Wednesday, September 16, 2015

honor culture conduces to both politeness and competence


feldenkrais | Improvement of ability 
The lessons are designed to improve ability, that is, to expand the boundaries of the possible: to turn the impossible into the possible, the difficult into the easy, and the easy into the pleasant. For only those activities that are easy and pleasant will become part of a man's habitual life and will serve him at all times. Actions that are hard to carry out, for which man must force himself to overcome his inner opposition, will never become part of his normal daily life; as he gets older he will lose his ability to carry them out at all.

It is rare, for instance, for a man over fifty to jump over a fence, even if it is quite low. He will look for the way around the fence, while a youth will jump over it without any difficulty. This does not mean that we should avoid everything that seems difficult and never use our will power to overcome obstacles, but that we should differentiate clearly between improvement of ability and sheer effort for its own sake. We shall do better to direct our will power to improving our ability so that in the end our actions will be carried out easily and with understanding.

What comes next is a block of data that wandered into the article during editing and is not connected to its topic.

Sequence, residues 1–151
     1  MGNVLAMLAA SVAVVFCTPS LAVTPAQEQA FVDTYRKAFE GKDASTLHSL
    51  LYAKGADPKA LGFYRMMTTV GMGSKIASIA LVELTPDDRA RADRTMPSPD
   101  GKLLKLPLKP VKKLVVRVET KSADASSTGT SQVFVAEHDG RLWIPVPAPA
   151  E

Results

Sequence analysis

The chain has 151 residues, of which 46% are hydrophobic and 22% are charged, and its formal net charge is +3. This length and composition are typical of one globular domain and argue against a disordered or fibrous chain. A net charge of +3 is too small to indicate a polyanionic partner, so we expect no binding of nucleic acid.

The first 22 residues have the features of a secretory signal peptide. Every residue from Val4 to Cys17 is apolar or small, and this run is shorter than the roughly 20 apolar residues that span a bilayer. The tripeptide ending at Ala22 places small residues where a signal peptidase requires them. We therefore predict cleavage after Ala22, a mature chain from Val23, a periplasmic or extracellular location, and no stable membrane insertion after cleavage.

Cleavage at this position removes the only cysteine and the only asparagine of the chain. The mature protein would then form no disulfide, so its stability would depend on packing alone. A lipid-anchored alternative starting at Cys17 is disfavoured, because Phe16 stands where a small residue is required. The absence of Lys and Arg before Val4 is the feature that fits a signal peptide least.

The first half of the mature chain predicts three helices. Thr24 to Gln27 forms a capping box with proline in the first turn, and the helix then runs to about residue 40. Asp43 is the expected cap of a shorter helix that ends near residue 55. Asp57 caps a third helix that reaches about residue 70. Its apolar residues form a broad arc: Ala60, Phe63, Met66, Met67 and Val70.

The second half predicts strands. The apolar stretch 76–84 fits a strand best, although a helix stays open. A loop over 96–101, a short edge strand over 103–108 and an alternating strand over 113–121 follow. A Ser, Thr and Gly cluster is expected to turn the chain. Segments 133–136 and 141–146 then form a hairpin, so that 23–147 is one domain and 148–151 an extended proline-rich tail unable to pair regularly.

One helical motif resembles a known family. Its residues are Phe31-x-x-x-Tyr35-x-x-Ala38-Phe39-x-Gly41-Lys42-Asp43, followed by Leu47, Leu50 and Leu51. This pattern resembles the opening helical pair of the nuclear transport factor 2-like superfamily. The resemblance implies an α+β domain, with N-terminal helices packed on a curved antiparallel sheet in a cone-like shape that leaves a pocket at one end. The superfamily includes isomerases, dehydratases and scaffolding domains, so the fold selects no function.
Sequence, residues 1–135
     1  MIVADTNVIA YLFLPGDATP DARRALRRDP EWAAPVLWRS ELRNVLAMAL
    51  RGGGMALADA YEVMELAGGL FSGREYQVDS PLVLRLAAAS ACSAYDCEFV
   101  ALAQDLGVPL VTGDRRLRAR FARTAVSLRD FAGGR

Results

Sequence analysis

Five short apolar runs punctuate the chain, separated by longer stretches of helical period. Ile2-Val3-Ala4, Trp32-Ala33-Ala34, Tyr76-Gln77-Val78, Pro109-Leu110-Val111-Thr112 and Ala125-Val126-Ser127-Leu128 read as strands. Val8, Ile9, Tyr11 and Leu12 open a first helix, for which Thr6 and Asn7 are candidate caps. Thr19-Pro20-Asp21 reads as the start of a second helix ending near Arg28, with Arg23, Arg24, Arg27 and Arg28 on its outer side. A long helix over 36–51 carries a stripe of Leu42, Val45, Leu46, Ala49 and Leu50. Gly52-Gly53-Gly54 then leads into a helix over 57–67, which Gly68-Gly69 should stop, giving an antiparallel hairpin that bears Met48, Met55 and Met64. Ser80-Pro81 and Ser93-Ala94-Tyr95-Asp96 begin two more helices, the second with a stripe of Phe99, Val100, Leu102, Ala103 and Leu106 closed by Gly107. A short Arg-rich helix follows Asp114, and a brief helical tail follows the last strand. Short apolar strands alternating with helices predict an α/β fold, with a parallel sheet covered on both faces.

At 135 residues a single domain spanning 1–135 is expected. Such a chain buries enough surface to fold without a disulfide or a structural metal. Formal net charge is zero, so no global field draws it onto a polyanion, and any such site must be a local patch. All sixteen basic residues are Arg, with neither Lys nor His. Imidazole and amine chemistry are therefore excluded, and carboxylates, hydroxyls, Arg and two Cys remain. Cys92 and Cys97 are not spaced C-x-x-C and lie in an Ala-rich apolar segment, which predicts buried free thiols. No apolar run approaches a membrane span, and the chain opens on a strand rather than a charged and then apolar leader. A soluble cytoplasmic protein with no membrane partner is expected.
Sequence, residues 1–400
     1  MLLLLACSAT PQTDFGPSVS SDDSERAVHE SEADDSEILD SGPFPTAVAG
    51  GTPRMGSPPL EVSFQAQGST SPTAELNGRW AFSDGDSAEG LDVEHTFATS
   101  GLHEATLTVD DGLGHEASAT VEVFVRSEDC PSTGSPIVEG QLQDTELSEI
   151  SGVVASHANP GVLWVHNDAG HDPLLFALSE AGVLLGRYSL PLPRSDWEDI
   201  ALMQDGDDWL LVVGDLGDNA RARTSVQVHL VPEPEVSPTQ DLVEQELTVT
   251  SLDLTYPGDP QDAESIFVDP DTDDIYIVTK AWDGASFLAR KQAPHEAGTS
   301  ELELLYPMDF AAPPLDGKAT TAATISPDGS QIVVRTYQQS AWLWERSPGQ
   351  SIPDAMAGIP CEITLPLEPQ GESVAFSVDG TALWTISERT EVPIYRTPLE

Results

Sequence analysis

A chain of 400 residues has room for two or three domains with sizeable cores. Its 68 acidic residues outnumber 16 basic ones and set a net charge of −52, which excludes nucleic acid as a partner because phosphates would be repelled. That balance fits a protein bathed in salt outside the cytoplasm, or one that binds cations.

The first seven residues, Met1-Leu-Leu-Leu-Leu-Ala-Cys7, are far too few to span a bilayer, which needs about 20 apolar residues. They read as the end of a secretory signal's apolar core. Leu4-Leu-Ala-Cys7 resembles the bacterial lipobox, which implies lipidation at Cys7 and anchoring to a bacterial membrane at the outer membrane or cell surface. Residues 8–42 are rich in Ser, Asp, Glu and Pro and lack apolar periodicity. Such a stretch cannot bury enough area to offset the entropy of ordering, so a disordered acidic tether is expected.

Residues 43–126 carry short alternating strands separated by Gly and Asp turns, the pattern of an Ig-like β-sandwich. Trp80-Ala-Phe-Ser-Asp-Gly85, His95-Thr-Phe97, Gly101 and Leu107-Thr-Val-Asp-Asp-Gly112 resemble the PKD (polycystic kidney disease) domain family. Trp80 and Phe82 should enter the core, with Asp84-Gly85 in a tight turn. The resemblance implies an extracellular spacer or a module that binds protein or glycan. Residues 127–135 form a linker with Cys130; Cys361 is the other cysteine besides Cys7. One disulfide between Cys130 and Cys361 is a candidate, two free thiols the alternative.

Ability and will power
To the extent that ability increases, the need for conscious efforts of the will decreases. The effort required to increase ability provides sufficient and efficient exercise for our will power. If you consider the matter carefully you will discover that most people of strong will power (which they have trained for its own sake) are also people with relatively poor ability. People who know how to operate effectively do so without great preparation and without much fuss. Men of great will power tend to apply too much force instead of using moderate forces more effectively.

If you rely mainly on your will power, you will develop your ability to strain and become accustomed to applying an enormous amount of force to actions that can be carried out with much less energy, if it is properly directed and graduated.

Both these ways of operating usually achieve their objective, but the former may also cause considerable damage. Force that is not converted into movement does not simply disappear, but is dissipated into damage done to joints, muscles, and other sections of the body used to create the effort. Energy not converted into movement turns into heat within the system and causes changes that will require repair before the system can operate efficiently again.

Whatever we can do well does not seem difficult to us. We may even venture to say that movements we find difficult are not carried out correctly.

To understand movement we must feel, not strain
To learn we need time, attention, and discrimination; to discriminate we must sense. This means that in order to learn we must sharpen our powers of sensing, and if we try to do most things by sheer force we shall achieve precisely the opposite of what we need.